Deep Work, Shallow Work, and the Benefits of Insane Focus

Welcome back to my ADHD and Writing series! This week (technically week 5) we’ll be talking about Cal Newport’s Deep Work and how his theories about deep focus and its relationship to value within the workplace apply to the writing world.

So first, what is the central premise of Deep Work? It’s pretty straightforward. Newport posits that in every job there are two kinds of tasks. Deep tasks, which require intense focus and potentially years of training in order to complete them effectively, and shallower tasks that one could assign to a college student with 6-8 months of training and be just as well off as if you did them yourself. Another version of shallow work would be things like busy work or light cleaning.

He argues that when the average person gets to work on a task that would be considered deep work, let’s say…drafting, they have a tendency to put themselves into situations where the degree of focus needed for said work is nigh impossible to achieve. Any distraction that pulls said person from the task, like an email popping up, a buzz from their cell phone, kids knocking at the door (or partners for that matter), T.V. in the background, etc, breaks the necessary state of deep focus required to complete the task effectively.

So if I sit down to draft the next scene of Prisoner of the Hollow and I have my phone with the sound or vibrate on, every time it buzzes my brain will be pulled away from what I’m doing. Even if I ignore the buzz. If I decide to answer the buzz, it can take 15-20 minutes (and this is assuming I’m neurotypical!) to get my brain back where it needs to be to complete the task.

The solution he proposes, which is the one I use during my own work time each day, is to divide your day up into “deep work” periods and “shallow work” periods. I define deep work in my writing life as drafting, editing, outlining, developing presentations, writing blog posts and book reviews, developing the plans and brainstorming for said blog posts and book reviews, working on my pitch, doing research for my projects, and drafting the emails I send out to my mailing list each week. Shallow work is just about everything else writing related: scheduling ads for my books, answering emails, social media engagement, networking, working out, lunch (yes, I schedule my lunch during a shallow work period), making tea, looking over my budget for business and home, reading the books for said book reviews, etc.

Newport recommends several exercises that can help improve focus throughout the book. One of the first is (SURPRISE! I’ve already covered it) a daily meditation practice involving breathing and counting the breaths, with the conscious choice to redirect your thoughts if you get distracted. Another is to get on a treadmill or take a walk and do a deep contemplation on something that has you stuck, kind of like what I talked about in Week 1 when I mentioned I hop on the treadmill when I hit writer’s block and can’t figure out what I need to do to make a scene work.

He also recommends not making your deep work periods longer than 2 hours each day, and trying not to have more than 2-3 in each work day. Why? Because even with training, deep work is rough on the brain. It’s hard to write for 5 hours straight and not get diminishing returns. I know when I’ve tracked per-hour word counts, there’s usually a pretty sharp drop-off after 2 hours worth of work, and it just gets worse from there. By keeping timers and switching gears after the 2 hour mark, I continue being productive (because eating, my second work out, my mind dump, email correspondence, ad scheduling, budgeting, etc are all still productive activities that need to get done) while giving the part of my brain I just gave a mental workout a rest. When my timer goes off for my second deep work period, I’m usually ready to go.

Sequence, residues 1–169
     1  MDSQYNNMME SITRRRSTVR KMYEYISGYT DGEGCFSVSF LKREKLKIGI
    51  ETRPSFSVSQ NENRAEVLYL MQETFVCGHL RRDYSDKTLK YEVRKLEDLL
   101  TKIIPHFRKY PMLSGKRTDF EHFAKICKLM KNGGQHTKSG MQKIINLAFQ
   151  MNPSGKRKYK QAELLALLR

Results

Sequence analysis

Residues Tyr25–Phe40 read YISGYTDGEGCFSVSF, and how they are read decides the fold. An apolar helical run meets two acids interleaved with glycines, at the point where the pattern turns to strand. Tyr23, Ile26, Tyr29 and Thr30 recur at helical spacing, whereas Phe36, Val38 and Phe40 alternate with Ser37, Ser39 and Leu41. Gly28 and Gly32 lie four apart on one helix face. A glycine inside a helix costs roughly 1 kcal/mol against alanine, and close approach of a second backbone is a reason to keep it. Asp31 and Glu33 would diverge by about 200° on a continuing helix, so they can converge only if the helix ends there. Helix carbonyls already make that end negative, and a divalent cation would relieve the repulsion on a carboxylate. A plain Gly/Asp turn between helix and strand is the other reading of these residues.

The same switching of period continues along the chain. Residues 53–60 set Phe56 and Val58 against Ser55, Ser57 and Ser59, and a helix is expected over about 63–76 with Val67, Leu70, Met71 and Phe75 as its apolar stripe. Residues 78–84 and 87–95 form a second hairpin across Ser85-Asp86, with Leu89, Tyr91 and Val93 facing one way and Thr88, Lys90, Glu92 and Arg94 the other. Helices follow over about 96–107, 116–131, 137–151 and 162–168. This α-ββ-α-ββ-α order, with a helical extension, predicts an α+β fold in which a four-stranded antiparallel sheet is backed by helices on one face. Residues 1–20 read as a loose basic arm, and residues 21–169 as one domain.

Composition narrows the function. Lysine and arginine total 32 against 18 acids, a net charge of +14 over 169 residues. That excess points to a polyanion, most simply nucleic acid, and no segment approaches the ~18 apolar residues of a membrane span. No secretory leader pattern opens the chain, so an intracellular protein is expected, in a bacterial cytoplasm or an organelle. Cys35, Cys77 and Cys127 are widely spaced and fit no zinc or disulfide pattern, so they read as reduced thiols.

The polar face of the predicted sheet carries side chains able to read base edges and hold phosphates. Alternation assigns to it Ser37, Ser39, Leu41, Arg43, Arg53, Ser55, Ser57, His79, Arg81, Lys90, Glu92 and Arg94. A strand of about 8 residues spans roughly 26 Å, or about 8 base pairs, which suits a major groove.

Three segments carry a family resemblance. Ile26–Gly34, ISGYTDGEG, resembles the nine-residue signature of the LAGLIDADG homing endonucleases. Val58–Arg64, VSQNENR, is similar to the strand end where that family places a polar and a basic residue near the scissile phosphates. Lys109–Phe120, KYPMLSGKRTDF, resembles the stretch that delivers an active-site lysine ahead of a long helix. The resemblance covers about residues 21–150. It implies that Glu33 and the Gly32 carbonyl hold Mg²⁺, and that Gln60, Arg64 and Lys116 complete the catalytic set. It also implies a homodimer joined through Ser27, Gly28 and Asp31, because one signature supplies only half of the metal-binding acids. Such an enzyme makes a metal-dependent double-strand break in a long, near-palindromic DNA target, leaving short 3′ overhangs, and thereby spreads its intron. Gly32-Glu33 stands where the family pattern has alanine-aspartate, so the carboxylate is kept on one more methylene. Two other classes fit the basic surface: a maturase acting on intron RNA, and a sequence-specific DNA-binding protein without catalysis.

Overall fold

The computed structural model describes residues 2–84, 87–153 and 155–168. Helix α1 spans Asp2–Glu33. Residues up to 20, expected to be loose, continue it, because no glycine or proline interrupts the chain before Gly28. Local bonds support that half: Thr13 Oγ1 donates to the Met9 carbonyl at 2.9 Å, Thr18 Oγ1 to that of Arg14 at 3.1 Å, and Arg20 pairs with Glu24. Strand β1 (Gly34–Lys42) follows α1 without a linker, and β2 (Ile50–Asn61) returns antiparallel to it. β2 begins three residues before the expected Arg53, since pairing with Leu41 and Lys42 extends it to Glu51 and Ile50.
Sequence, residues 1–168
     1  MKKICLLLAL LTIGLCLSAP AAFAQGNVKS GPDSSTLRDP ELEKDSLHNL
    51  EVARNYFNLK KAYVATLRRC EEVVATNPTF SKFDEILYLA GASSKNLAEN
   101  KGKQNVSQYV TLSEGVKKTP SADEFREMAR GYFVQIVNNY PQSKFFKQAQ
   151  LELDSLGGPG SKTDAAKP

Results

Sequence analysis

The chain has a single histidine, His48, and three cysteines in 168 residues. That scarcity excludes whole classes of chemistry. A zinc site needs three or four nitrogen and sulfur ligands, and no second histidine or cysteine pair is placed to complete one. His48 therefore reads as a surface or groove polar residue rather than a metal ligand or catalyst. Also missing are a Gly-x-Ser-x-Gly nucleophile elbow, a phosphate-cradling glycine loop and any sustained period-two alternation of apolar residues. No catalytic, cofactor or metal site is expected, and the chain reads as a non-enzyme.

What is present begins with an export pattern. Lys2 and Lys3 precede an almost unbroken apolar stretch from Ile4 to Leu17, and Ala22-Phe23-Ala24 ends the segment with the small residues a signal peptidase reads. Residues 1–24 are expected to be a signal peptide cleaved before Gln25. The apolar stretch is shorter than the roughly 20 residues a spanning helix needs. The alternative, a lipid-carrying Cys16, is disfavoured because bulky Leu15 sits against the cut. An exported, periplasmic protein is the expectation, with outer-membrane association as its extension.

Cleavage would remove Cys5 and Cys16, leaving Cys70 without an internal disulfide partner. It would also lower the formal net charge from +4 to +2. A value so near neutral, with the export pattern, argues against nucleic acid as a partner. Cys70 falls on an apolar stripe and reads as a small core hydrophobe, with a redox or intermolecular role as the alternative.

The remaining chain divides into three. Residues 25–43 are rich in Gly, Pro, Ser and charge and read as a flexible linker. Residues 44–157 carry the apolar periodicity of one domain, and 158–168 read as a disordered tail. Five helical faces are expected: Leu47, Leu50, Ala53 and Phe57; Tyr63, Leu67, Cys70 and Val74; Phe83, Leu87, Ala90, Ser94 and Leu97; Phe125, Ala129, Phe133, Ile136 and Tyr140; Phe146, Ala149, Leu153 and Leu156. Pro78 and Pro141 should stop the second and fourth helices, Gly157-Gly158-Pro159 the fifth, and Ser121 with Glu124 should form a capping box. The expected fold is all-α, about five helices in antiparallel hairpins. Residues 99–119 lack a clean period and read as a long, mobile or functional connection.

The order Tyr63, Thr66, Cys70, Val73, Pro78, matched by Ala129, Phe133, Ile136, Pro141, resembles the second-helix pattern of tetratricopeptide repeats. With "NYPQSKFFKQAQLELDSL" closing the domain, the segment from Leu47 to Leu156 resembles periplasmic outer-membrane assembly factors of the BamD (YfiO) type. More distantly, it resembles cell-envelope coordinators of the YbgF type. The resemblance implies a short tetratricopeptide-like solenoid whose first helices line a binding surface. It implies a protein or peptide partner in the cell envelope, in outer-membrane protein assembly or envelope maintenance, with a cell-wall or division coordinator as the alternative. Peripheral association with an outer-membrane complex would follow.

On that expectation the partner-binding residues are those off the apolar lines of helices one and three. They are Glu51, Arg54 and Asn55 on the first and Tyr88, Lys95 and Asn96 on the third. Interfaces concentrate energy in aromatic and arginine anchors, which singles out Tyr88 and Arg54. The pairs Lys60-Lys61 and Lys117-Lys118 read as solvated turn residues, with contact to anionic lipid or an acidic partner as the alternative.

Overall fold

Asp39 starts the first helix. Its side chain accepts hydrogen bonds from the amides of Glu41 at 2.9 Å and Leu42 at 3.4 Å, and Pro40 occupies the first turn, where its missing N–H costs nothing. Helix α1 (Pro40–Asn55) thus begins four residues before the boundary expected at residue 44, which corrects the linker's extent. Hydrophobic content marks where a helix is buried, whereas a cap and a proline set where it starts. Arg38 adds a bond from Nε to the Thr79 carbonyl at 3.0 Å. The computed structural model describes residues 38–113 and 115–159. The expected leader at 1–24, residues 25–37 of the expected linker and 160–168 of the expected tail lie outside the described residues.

If I’m not I meditate!

The thing I found the hardest about his prescription for deeper focus was the planned abstinence from social media and television. If you indulge in social media, check your email, and watch T.V. whenever the urge strikes, he argues, you’re priming your brain for instant gratification. He suggests not accessing social media of any sort until certain specified times, and only for a limited amount of time using a timer. Also, those times cannot be right before bed or just after getting up.

Boy was this bloody hard! I can see why he recommended it though. When I succeeded in staying off Facebook (my mental crack) for two weeks straight apart from two specific times (one in the afternoon and one in the evening), I saw my productivity go up by 25%. When I fell off the habit, I lost those gains. Due to the nature impulsivity that goes with having ADHD, I’ve struggled harder with this particular suggestion than anything else, so how well I do fluctuates from week to week. But when I invest the time for long enough, the benefits stick.

I bet you’re wondering where this stuff fits in from a scientific perspective. Like most sci-fi writers, when I come across a claim I’m not sure about, I check the source and do some independent digging. Turns out, a lot of these ideas have a pretty solid grounding in science. The more frequently we allow ourselves to be distracted, the worse our productivity gets. The only thing I couldn’t confirm in my research is the 2 hour limit, and part of that had to do with the studies he cited being locked behind a paywall I couldn’t get through with the software I used for research.

So there you have it. Next week I’ll talk about reading in your genre and the difference between reading for pleasure and reading for work, and why you would choose to do one over the other.

See you next week!